CURWOOD: Okay, so what do you want, then? What kind of mechanism do you think would work instead of the present Endangered Species Act?
MANN: Essentially, what we suggest is something like this: we propose a swap. On the one hand, you scale back the Endangered Species Act. You restrict its protections. You might say that not all habitat everywhere - there's a whole bunch of ways you could scale it back. On the other hand, you make up for it by creating a big pot of money and have advisory boards that are biologists and ecologists and, you know, local governments and all these sort of interested stakeholders, and say look, we've got a big pot of money; how can we best use this to preserve the biodiversity that we in America all want to preserve? And they could use this money in many, many ways. We personally believe that one of the best ways that they could use it would be a strong public education campaign, and with this they could encourage local communities to save as much of their own land as possible. In other cases they could back up programs like that from the Defenders of Wildlife, which pays people in the upper Midwest $5,000 for every wolf den that they have on their property. It could also arrange for conservation easements in much the same way that the Nature Conservancy now does. In other cases, when the land is particularly crucial, we can simply ask people if they'll be willing to buy it, you know, for the market rate.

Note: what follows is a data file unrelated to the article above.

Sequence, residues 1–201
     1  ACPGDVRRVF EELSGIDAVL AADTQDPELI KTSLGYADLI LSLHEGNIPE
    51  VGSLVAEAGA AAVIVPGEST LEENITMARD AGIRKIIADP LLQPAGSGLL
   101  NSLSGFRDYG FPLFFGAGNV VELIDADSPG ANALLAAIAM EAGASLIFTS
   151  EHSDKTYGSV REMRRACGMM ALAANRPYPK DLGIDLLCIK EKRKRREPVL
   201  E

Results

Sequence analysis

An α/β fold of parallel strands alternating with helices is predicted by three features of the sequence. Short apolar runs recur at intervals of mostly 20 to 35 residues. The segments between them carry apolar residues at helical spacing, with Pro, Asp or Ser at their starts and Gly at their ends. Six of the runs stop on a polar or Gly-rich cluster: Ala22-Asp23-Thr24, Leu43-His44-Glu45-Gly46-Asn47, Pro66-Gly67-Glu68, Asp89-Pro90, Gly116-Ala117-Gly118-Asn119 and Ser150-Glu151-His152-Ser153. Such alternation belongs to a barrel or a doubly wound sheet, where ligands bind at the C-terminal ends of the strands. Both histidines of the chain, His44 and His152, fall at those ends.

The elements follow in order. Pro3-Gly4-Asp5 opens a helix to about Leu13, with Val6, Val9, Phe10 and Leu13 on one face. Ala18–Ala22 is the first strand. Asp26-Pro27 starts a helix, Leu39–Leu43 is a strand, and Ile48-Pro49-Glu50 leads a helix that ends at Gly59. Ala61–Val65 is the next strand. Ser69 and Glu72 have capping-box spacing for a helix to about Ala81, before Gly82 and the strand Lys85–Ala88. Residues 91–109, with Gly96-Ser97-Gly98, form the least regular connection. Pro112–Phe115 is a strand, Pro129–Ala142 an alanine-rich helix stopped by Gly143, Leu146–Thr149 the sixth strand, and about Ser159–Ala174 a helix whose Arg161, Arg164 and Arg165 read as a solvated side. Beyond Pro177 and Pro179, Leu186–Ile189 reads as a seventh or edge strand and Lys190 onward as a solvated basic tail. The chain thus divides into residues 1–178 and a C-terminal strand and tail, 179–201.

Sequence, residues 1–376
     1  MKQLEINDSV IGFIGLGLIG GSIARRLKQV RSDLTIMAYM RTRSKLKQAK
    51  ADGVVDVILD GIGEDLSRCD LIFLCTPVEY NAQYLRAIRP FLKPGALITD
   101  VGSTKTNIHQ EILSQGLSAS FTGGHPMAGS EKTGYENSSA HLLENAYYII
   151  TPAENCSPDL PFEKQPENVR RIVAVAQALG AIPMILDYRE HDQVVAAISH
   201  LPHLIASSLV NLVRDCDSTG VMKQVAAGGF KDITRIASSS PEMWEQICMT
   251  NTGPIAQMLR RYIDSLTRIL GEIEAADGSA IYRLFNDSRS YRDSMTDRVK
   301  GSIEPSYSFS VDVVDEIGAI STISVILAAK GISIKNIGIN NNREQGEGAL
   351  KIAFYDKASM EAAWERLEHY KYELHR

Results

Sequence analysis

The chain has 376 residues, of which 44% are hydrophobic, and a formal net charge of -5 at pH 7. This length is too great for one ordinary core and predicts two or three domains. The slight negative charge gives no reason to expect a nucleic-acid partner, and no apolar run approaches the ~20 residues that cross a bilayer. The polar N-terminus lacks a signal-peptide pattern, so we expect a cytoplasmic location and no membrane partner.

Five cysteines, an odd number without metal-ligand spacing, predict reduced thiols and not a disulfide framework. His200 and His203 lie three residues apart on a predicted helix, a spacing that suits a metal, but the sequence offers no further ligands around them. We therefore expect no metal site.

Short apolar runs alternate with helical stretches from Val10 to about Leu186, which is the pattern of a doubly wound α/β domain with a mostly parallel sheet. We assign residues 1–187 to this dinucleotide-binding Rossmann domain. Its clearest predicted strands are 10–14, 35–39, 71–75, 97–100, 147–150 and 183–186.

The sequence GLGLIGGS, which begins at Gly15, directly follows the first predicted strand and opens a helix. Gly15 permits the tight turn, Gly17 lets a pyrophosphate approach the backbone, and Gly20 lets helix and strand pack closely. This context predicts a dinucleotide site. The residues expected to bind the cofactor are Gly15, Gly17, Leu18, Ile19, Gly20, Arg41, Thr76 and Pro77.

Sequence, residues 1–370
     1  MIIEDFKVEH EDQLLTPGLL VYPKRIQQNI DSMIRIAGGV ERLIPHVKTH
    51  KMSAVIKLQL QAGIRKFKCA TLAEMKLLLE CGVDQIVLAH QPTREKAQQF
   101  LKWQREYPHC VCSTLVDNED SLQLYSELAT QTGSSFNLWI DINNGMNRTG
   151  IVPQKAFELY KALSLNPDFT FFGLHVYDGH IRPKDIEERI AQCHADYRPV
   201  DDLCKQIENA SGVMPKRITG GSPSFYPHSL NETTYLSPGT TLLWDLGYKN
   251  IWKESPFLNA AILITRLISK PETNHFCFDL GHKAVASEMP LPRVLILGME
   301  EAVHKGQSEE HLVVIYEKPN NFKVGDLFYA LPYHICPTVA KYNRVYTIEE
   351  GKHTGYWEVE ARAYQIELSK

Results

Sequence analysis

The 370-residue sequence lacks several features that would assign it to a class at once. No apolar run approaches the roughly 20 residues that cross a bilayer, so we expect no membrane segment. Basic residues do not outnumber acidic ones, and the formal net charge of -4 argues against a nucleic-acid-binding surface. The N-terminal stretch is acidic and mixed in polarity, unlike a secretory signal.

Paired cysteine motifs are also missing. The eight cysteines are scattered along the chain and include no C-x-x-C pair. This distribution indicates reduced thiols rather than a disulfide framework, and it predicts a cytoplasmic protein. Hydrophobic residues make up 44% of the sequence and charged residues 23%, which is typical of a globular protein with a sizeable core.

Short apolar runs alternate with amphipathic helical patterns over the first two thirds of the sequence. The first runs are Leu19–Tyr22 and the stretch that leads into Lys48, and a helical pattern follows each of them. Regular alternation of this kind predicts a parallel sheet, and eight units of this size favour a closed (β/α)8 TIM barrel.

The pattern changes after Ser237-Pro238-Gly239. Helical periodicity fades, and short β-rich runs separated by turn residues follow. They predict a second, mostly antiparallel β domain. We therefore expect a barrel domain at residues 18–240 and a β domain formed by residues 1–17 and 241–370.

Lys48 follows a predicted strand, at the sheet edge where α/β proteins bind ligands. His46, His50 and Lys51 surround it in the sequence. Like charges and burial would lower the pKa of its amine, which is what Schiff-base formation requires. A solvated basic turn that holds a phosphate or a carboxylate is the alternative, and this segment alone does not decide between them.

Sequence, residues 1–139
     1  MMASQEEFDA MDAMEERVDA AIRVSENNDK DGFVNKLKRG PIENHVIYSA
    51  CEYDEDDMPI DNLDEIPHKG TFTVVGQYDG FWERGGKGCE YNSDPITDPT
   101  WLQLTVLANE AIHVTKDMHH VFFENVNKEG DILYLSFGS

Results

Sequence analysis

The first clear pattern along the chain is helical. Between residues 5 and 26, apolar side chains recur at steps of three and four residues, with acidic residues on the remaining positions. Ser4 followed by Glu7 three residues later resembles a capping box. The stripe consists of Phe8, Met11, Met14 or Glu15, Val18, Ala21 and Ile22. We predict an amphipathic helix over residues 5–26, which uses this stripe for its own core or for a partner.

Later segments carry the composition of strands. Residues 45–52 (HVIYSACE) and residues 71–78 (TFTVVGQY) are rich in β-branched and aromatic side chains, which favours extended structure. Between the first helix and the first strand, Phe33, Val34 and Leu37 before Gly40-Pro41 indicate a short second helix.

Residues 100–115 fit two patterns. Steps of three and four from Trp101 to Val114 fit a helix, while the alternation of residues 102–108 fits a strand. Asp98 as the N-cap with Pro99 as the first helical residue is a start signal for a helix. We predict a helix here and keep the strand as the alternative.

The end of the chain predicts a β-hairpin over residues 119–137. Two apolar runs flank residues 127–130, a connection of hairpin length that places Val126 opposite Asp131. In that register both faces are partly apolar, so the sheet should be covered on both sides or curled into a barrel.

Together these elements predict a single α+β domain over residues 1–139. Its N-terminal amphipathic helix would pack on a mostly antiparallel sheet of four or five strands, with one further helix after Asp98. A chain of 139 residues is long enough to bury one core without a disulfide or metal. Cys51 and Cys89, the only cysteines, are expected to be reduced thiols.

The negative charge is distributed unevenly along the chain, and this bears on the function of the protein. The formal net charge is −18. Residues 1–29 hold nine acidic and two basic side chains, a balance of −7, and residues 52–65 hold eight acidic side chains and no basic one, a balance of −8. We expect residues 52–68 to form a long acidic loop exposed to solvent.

CURWOOD: A key to doing this, you say, is money: creating trust funds to spread to burden of the Endangered Species Act. But you also complain in your book that we haven't spent much money to implement the Endangered Species Act as it is today.
CURWOOD: That the Interior Department is just woefully under-funded. If we're not willing to pay for the present law, why would the public be willing to pay more in the future in this area?
MANN: This is a really good question, because it ultimately addresses the question of public values. Right now, we have a law that sort of sweeps the costs under the table by dropping them on individual, private landowners who are unlucky.
CURWOOD: But we're not appropriating for the Interior Department, either; now that's an explicit cost that people aren't willing to pay.
MANN: Right. Right. The Endangered Species Act as now constituted is attracting major opposition, and right now, for example, the law is enforced essentially randomly. The system is driven by lawsuits. But if we had a trust in a central coordinating committee, we could say gee, what is ecologically the best thing to do? We could say what's going to cost us the most money, what's going to give us the most preservation for our dollars? I think the big sign of hope that we saw is there is a broad reservoir of good will in Americans for this issue. At the same time there is a deep reluctance to be told what to do and told that they are bad. And our hope is that the reservoir of good will can be tapped without hitting the other.
CURWOOD: Thank you very much. Charles Mann is author of Noah's Choice: The Future of Endangered Species, along with Mark Plummer. Thanks for coming in.
MANN: Thank you very much. It was a pleasure.